A stack of hay, mouldering on a chunk of land for four years, makes just as much agricultural use of the land as building a house on it.

A stack of hay is pretty much temporary. People can safely assume that eventually a stack of hay will disappear in some way, in a not incredibly long stretch of time. A house comparably permanent, and also draws on a bunch of other resources that a stack of hay does not. You'd almost have to be willfully obtuse to assert otherwise.
posted by LionIndex at 11:47 AM on January 25, 2008


Have any of you looked at the google maps link? Some of you seem to think he's built this in the middle of the Lake District. He's pretty much surrounded by urban sprawl, so the Green Belt/rural idyll argument is spoof.
posted by A189Nut at 12:23 PM on January 25, 2008


He's pretty much surrounded by urban sprawl, so the Green Belt/rural idyll argument is spoof.

Or more apt and important than ever.
posted by dersins at 12:30 PM on January 25, 2008 [1 favorite]


Seems to me that this would be reasonable, if the house really is his big dream to live in and he isn't just some speculator thinking he'd get clever and have a nice house to sell at a fat profit:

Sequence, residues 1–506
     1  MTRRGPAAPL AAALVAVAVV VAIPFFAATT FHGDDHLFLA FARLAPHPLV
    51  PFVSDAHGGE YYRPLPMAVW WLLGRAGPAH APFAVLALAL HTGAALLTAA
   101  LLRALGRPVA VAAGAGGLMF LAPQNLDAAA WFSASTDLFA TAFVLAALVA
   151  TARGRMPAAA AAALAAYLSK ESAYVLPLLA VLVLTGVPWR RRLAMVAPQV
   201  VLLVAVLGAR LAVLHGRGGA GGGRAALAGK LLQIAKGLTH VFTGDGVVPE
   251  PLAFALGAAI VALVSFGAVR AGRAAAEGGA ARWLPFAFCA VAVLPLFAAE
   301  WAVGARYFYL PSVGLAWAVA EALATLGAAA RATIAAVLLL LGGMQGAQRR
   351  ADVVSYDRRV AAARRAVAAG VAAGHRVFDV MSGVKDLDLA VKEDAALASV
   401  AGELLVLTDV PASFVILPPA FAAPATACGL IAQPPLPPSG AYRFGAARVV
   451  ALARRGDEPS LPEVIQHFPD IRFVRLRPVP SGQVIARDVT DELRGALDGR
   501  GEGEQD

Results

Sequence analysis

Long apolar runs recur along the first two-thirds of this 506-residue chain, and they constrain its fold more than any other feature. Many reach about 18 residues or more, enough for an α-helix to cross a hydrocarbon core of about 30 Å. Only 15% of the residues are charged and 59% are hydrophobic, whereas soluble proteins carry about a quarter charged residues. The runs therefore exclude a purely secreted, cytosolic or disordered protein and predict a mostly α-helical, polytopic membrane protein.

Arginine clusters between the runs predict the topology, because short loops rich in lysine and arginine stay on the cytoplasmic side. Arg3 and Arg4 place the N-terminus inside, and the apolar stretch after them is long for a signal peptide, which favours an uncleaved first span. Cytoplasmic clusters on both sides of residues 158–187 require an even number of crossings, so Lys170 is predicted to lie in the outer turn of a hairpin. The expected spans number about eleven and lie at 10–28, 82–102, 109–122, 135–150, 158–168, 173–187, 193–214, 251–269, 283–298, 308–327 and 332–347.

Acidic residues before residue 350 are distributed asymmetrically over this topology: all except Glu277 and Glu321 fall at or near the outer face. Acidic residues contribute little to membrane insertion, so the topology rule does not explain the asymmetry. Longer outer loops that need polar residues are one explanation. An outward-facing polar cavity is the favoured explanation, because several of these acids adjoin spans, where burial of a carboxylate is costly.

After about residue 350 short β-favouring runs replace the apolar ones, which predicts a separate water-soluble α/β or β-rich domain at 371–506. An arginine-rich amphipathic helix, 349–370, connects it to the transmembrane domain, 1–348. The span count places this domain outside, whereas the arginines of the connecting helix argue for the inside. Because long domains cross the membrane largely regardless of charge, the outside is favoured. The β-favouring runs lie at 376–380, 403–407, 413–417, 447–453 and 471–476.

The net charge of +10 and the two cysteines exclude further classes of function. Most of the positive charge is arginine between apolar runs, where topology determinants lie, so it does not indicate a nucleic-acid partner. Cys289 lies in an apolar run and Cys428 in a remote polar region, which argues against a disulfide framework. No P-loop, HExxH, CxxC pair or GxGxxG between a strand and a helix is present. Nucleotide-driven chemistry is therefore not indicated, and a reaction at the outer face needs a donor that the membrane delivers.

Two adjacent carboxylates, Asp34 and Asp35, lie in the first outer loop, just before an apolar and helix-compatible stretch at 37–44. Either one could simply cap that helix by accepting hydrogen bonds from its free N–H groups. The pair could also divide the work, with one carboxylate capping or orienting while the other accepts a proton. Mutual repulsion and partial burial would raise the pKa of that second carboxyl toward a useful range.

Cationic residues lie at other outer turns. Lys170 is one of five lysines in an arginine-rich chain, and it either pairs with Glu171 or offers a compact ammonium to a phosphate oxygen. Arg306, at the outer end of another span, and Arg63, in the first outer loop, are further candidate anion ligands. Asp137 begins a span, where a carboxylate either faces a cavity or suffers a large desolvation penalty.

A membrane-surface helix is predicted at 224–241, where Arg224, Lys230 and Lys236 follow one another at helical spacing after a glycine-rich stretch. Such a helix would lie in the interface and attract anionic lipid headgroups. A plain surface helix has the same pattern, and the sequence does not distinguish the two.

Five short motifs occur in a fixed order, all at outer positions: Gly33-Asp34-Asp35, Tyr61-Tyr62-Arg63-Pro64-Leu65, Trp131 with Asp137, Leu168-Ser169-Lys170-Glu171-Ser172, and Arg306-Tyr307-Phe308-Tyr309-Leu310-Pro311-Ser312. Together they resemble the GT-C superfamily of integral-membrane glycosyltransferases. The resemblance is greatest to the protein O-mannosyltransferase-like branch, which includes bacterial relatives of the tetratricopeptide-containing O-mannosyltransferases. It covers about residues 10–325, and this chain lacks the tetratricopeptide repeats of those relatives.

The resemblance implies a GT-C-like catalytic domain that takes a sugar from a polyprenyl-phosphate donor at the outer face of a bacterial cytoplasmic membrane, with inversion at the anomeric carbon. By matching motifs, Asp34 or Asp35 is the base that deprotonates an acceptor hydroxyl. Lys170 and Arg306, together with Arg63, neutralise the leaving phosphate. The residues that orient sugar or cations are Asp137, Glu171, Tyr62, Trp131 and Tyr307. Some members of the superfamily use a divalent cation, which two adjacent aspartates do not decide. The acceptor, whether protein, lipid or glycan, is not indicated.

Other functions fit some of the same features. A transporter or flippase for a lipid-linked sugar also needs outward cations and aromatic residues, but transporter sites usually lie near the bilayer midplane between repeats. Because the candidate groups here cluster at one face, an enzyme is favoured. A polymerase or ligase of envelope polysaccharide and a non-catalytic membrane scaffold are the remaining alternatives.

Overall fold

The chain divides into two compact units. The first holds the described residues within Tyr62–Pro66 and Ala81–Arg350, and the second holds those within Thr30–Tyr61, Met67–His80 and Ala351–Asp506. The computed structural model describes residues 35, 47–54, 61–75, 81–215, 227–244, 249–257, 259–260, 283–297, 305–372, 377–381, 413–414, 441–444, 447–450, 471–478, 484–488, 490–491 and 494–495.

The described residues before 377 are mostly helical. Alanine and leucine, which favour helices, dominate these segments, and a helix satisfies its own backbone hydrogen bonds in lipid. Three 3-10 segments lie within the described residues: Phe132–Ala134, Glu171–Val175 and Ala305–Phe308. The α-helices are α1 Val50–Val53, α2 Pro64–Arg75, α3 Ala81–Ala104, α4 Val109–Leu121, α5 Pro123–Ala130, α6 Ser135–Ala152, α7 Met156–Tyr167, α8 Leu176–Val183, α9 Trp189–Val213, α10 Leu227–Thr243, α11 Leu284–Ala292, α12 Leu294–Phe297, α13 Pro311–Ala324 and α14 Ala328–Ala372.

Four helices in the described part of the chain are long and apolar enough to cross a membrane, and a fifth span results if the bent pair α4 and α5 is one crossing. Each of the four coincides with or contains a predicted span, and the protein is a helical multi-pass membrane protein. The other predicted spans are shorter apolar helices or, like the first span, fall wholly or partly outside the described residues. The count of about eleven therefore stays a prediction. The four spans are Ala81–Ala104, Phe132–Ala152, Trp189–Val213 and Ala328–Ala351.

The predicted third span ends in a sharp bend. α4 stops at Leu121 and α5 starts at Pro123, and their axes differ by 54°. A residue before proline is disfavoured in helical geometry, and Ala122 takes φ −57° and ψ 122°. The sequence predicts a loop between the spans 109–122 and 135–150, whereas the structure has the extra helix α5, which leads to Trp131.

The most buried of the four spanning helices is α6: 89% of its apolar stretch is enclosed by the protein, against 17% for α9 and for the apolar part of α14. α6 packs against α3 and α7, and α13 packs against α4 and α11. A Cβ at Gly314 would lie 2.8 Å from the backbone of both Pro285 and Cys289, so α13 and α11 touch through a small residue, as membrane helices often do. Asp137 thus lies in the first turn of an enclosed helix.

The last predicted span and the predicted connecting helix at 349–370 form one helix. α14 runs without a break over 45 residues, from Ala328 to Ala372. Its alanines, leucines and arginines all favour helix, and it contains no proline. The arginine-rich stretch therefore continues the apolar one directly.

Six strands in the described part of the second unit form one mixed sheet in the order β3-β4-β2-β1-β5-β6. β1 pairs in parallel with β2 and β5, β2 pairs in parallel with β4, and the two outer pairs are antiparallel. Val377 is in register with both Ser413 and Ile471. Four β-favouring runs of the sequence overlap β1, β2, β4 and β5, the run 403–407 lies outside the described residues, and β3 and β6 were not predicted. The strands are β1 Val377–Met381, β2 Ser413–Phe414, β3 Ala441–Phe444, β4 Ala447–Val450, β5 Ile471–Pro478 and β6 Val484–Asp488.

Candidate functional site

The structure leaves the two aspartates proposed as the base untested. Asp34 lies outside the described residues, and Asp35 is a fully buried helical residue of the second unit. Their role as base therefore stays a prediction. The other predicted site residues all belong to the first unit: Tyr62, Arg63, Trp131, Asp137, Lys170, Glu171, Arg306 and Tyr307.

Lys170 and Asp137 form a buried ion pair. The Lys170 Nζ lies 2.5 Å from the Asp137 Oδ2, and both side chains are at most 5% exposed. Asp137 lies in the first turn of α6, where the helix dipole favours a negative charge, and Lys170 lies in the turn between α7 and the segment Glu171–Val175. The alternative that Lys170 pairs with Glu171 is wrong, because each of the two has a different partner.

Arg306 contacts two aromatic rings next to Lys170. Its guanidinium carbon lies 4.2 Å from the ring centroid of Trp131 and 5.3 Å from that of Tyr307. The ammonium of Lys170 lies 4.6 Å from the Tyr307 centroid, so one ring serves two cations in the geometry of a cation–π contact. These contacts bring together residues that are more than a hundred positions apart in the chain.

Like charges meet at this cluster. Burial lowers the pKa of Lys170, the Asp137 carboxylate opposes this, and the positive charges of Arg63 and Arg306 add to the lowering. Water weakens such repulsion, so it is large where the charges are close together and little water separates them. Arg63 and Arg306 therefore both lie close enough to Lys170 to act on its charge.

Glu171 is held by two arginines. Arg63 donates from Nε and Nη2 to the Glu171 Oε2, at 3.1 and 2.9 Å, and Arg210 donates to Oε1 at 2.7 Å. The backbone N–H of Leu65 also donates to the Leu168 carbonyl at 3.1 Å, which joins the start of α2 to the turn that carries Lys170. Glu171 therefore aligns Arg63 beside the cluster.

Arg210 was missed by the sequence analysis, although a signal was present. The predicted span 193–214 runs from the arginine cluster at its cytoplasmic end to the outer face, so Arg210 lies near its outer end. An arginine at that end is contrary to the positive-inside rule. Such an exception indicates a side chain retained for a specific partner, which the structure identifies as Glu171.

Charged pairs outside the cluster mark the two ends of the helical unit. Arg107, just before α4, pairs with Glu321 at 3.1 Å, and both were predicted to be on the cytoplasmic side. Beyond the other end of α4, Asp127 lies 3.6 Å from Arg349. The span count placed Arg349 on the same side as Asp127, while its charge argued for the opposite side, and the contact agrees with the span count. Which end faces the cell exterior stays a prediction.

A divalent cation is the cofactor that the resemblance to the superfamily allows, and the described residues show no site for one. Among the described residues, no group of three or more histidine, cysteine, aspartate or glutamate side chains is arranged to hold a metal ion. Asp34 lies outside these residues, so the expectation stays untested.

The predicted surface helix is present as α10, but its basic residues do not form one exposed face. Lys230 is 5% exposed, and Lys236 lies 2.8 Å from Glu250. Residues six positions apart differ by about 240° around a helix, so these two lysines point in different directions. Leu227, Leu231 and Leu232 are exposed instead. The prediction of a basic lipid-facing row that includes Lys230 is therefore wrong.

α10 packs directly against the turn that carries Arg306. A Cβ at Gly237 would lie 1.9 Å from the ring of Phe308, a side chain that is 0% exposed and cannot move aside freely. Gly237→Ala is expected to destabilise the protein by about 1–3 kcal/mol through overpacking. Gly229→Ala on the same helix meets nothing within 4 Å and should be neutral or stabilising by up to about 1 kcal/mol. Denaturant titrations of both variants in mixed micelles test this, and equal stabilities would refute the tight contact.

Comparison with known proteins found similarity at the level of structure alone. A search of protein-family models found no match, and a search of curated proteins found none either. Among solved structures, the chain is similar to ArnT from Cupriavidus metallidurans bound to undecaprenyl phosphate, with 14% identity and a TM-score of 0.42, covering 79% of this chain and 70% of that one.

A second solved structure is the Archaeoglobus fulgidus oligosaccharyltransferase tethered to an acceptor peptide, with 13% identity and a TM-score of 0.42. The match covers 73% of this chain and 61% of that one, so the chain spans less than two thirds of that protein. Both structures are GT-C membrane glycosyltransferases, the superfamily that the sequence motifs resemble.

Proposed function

(1) Inspect the house as it should have been inspected. This will involve tearing much of it down to bare structure, at his expense, and then rebuilding, also at his expense.

(2) Grant him a certificate of occupancy, or whatever the local equivalent is, good for his lifetime, and require that no further improvements/alterations be made to the land subject to deeply punitive fines.

(3) Upon his death, require that that the house be torn down and the land rehabilitated at the estate's expense. Perhaps require him to post a bond now that would, in expectation, pay for the removal of the house at the end of his projected lifespan.
posted by ROU_Xenophobe at 12:37 PM on January 25, 2008